Music Quickspins


 Kaytra’s sophomore album doubles down on what made 99.9% so entrancing

When producers make their own albums, they’re mostly messy. Oftentimes, they’re lacking in cohesiveness or interesting tracks, but mainly, they’re boring. Kaytranada is a modern exception to this.

Bubba, the newest unannounced album from the Montreal native, isn’t a successor to 99.9% by name, but it sure feels like the next logical step. The sounds aren’t quite different from his previous effort, but this record is yet another compilation of dance-ready tracks with solid features and wonderful instrumentals.

Beginning with one of the few tracks to not feature a guest, “DO IT” is an uneventful way to start the album. The beat feels janky at times, but thankfully it’s short enough to be only a blip. The following track, “2 The Music,” is where the party truly starts as Iman Omari’s vocals on the track are soothing and lively.

Mick Jenkins, Kali Uchis, and Masego are the stars of the show. Their respective tracks are fiery and continue to prove that performing alongside a Kaytra beat is a surefire way to make a banger.

Sonically, Kaytra focuses on what he does best, but he also does his best at creating Afrobeats-style instrumentals and executes them with a high degree of success, especially on “Vex Oh” featuring Eight9FLY, GoldLink, and Ari PenSmith.

Bubba, like 99.9%, is a full-length album surpassing the 50-minute mark, but still manages to be entertaining to the very end without any lulls or misfires on the entirety of the tracklist.

The album bears a striking resemblance to his previous effort and there probably would have been bigger payoffs had Kaytra taken a few more risks, but the Montreal producer stuck to his guns and dropped a wonderful dance album to cap off the decade.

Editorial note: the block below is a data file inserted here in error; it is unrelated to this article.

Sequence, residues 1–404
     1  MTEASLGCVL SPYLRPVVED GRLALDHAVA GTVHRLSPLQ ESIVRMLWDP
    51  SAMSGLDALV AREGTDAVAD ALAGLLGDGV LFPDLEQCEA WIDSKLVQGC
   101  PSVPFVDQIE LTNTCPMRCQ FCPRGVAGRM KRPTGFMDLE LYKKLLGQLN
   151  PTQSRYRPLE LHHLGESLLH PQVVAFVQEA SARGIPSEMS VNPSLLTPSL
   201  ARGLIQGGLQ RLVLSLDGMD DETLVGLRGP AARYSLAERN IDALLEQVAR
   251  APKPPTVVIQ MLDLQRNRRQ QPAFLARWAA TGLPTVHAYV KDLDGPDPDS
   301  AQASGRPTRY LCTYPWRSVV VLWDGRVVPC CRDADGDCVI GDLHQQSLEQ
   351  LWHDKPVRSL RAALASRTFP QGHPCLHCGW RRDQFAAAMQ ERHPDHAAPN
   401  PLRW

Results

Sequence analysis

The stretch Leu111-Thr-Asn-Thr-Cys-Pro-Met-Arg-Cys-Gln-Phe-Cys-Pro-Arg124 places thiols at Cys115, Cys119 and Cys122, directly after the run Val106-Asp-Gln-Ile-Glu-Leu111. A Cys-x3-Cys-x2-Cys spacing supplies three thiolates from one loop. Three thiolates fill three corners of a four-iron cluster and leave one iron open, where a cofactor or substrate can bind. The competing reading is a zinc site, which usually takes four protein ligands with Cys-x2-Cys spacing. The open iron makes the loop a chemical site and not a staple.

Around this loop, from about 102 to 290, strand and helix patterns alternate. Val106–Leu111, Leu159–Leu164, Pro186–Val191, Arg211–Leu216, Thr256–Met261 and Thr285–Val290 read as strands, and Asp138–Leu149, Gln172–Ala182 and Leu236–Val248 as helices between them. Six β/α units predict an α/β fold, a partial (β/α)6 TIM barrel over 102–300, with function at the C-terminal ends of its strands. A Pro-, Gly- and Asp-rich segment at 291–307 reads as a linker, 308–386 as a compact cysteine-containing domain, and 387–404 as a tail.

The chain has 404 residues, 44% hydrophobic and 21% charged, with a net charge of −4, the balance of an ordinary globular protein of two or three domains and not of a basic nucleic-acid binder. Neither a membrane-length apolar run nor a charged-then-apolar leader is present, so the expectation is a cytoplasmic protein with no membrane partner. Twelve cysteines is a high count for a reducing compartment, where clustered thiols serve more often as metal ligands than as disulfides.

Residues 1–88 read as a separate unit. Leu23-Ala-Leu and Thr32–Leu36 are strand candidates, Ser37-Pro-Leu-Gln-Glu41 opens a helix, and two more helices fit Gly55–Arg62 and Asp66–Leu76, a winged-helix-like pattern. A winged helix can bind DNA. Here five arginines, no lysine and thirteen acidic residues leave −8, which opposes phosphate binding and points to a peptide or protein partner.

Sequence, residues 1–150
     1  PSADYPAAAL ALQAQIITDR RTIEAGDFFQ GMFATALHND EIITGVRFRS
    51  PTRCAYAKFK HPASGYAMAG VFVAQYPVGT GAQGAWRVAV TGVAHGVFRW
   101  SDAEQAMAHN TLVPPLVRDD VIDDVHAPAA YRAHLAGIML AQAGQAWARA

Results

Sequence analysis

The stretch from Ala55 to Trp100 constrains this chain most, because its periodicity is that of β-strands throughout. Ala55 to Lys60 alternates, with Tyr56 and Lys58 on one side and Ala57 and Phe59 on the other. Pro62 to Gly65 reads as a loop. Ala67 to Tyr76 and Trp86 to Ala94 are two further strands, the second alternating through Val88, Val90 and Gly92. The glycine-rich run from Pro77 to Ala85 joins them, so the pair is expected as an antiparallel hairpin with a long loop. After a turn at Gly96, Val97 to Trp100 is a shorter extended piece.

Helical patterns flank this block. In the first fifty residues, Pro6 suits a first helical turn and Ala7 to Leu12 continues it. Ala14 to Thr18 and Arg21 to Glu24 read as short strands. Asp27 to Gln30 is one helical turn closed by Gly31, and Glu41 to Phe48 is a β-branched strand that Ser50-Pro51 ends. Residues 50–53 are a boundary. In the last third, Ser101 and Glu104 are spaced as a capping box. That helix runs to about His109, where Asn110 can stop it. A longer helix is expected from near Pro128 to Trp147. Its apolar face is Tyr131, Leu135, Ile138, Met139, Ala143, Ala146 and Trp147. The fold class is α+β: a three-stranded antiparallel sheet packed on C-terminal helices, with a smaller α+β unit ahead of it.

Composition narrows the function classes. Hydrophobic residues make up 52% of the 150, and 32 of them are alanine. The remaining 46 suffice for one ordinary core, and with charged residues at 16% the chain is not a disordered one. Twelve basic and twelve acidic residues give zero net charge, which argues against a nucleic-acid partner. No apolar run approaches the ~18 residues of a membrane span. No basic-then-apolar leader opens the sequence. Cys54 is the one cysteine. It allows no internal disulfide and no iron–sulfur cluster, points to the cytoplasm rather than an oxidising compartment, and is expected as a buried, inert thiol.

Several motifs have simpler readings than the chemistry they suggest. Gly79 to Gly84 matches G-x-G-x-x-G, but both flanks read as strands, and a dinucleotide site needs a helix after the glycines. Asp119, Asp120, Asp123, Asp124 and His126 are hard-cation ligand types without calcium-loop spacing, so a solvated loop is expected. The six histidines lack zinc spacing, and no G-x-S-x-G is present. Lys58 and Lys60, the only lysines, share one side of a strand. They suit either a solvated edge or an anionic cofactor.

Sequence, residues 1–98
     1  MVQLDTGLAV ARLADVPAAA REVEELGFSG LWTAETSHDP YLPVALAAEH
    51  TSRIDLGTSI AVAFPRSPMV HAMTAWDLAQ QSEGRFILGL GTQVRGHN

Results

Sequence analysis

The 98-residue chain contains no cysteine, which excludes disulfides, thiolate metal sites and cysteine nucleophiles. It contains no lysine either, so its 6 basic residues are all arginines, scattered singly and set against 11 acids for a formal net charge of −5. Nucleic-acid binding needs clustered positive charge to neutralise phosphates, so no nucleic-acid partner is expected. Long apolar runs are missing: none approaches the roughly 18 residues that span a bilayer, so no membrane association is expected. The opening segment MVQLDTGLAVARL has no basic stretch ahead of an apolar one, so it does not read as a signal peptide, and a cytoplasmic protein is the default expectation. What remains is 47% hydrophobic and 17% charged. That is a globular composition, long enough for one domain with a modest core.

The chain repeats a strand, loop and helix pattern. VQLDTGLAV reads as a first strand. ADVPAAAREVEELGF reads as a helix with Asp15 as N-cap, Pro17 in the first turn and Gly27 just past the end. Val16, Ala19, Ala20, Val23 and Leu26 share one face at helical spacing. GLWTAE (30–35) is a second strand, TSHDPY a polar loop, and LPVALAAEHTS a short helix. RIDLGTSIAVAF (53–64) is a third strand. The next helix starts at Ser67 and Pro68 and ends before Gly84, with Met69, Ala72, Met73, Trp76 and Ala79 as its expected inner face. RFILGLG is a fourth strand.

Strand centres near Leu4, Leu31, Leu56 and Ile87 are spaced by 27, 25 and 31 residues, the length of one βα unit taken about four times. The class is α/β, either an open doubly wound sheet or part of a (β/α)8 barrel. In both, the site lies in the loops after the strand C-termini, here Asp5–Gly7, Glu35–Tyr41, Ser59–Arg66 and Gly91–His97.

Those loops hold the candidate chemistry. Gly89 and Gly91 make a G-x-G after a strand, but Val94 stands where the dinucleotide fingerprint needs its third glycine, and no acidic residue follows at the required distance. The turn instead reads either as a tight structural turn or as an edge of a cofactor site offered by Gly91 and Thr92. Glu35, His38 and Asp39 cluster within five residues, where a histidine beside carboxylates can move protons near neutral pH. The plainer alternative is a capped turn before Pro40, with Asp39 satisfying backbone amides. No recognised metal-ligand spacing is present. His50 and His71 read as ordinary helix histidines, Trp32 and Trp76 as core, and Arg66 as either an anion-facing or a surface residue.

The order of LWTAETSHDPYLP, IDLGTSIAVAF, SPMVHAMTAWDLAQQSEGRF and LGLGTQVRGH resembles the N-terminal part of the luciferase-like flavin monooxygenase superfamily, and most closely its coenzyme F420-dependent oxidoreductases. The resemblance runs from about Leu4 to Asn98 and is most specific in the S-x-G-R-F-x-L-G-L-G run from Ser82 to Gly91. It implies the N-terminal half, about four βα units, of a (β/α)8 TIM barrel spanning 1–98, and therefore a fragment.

Rating: 8.5/10

Trial Track: 10% (feat. Kali Uchis)


Murda Beatz plans for an even bigger 2020

The Canadian hip hop producer discusses his platinum hits and rising the ranks

Seated backstage in the underground lair that is MTELUS’ green room, following A$AP Ferg’s “Floor Seats” tour stop, Murda Beatz reflects on his childhood exposure to music.

“I grew up on classic rock, hard rock, metal – Metallica,” he said. “That’s what I grew up on. That’s what I got a taste for as a kid. That’s why I wanted to play drums. I wanted to make a band and do all that shit because I had a rock background.”

No, Murda Beatz is not the stage name of a drummer for an up-and-coming rock ‘n’ roll band. Instead, Murda Beatz is one of the most successful hip hop producers of our generation, with an extensive catalogue that dates back to the early years of the decade. Most impressive, perhaps, is that the shaggy-haired Canadian from the southern suburbs of Toronto has become a contemporary staple in the Atlanta trap scene and beyond.

“If there’s 20 thousand producers in Toronto and you’re trying to get to Toronto artists, how are you so different than anyone else?” Murda asks. “You have to catch someone’s attention to make you different. So I went to Chicago, got in the drill scene, got my name established in the drill scene – enough to hit up the Migos and be like ‘Yo, I’m Murda Beatz, I work with Chief Keef and these guys’… Until your name holds weight, your credentials are going to hold more weight than your name.”

Murda tells the story of his early days while his thick “MURDA” chain glistens atop his pendant of a chef – a symbol for being the master at cooking beats.

Following his collaborations with Chief Keef, Murda became one of the main producers for Migos, the Atlanta rap trio credited with being some of the early forefathers of the ad lib trap rap that currently dominates the market. The exclusivity and credibility that came from that honour then allowed him to collaborate with other industry chart toppers. In the last two years alone, Murda has been responsible for creating hits like “Butterfly Effect” by Travis Scott, “Nice for What” by Drake, and recently 10x plantinum record “FEFE” by the incarcerated rainbow-haired rapper 6ix9ine and Nicki Minaj.